Emerging blinking into the light of the main pavilion, slightly disorientated after the Grails’ hypnotic performance, Parts & Labor were somehow both too conservative to be left-field, yet at the same time a little too mixed-up and changeable to be completely comfortable. Their set seemed full of moments that didn’t quite come off: songs would be crammed with a little too much excitement with a bit too little justification; relatively straightforward songs were drawn out with over the top extended jams at the end; a weak second vocal would be pointlessly added to the stronger main voice, and so on. Then another dud, in the form of Killing Joke’s chugging, blunderbuss approach to gothic punk, undoubtedly efficient and capable, but lacking in humour, human quirks or much else of appeal.

Better were Spiritualized, whose psychedelic agnostic gospel blues show exuded cool, despite the lack of communication between Jason Pierce and the audience, and had moments of real emotional punch when the backing singers ooh-ed their beautiful oohs, and the moving, swoonsome songs took flight.

By the end of their set it was all beginning to feel a little bit “end of term” around Butlins. Crowds seemed to have noticeably thinned as we walked around, with many people having apparently already headed for home, to ready themselves for the real world, and work, the following day. Undaunted, (or perhaps just in denial), we headed back to Red Stage, where the bonkers mixed-up Mae Shi were playing to a pretty healthy-sized crowd. Who they then proceeded to cover up, as you do, with a huge parachute. Mashing together electronic glitches with a pop-punk vocal, their schtick seemed to just about work, at their best they recalled a slightly-less-charming Dananananaykroyd, until their set ended, abruptly, and before the scheduled time.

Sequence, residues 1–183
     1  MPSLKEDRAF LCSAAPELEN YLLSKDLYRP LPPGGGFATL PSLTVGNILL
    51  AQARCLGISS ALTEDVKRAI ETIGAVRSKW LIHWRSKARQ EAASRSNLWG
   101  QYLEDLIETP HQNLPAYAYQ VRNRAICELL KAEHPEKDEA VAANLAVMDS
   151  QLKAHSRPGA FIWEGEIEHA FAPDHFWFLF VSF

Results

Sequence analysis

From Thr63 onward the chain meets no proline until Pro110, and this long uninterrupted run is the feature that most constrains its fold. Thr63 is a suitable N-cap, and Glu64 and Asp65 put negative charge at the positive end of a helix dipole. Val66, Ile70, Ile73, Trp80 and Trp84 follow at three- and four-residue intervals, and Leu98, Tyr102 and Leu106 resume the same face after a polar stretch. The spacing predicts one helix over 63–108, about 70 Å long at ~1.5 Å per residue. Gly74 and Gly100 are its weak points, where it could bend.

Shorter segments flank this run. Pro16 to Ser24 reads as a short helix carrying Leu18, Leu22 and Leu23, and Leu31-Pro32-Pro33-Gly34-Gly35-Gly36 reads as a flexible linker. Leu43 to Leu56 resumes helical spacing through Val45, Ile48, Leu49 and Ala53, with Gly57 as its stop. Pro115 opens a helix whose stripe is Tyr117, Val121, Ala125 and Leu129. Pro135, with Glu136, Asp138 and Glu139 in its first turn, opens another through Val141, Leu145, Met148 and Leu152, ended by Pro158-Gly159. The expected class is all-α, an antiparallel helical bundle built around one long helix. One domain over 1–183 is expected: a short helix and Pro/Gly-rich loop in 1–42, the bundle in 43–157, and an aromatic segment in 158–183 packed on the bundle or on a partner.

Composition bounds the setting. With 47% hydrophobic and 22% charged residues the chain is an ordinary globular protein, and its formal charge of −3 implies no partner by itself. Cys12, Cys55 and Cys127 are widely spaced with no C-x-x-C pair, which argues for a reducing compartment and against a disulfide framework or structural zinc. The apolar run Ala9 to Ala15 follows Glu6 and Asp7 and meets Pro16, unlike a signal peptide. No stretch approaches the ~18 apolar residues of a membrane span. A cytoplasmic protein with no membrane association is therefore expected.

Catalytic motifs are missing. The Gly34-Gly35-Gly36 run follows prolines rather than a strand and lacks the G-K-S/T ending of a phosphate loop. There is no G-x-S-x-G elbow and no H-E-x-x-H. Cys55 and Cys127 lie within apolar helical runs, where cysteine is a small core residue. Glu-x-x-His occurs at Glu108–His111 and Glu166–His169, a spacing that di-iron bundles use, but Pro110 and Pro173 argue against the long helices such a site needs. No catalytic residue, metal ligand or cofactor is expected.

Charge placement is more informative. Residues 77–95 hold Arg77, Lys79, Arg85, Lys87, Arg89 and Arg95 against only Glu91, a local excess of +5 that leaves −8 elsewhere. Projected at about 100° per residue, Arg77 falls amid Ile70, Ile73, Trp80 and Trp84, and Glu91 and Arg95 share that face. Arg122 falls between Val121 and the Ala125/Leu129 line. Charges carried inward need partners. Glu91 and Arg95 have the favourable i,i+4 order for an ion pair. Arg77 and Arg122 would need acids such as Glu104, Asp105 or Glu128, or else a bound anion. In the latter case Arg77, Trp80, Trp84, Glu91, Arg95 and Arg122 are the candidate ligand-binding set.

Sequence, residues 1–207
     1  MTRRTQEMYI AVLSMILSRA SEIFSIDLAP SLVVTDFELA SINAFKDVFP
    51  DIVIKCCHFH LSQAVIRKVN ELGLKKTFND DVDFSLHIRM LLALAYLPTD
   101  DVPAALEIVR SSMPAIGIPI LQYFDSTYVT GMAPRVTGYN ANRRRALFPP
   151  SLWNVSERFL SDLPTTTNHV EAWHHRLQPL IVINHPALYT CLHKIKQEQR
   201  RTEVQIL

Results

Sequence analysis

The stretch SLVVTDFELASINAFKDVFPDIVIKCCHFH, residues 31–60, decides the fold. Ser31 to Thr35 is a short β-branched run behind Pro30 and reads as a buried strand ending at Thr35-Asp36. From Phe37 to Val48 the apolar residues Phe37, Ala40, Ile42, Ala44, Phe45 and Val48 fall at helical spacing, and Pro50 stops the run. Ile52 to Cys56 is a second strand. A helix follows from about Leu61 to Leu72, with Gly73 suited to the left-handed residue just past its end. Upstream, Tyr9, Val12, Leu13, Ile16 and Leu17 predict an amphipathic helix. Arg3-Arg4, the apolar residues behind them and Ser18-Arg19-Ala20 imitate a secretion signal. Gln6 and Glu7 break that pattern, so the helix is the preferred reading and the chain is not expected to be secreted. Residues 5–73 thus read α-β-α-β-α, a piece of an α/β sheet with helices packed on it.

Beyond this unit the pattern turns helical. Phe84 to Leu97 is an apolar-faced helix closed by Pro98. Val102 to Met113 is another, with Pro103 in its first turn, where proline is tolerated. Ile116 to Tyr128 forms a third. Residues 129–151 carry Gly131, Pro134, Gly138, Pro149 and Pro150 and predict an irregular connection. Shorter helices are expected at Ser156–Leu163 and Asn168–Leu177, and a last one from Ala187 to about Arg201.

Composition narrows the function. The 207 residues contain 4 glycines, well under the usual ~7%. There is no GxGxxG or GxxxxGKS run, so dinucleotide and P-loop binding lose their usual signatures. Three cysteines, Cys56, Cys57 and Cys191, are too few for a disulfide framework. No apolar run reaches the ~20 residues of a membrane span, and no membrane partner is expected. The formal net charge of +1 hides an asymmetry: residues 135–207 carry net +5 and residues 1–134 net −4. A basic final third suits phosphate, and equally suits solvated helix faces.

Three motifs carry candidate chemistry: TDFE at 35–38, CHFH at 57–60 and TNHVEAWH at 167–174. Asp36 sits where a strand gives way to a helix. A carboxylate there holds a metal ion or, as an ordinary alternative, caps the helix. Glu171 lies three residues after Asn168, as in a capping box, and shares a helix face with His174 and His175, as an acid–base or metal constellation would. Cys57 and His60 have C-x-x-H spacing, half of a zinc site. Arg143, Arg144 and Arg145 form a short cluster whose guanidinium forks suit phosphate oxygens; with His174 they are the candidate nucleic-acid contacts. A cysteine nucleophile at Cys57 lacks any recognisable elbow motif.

All that remained, then, was a longer than anticipated wait to see This Will Destroy You. Dressed, like about three quarters of the male audience, in plaid shirts, their quietLOUD dynamic combined with electronic interjections (sometimes at near ear-wrecking volume), static radio crackle effects and guitar and bass rumblings all mark them out as purveyors of euphoric post-rock of the same school as (previous ATP curators and fellow Texans) Explosions In The Sky, and their ilk. Personally, I could listen to this kind of music, live, all night long, but, unfortunately all good things must end, and with their higgledy-piggledy keyboard sounds spilling out into the night, so did this set. And with it, for me, this year’s ATP ended also. Fans, you curated most excellently: another engrossing, befuddling, ridiculously-sharply-contrasting set of bands and musicians, some of whom will definitely stay with me for a long long time to come.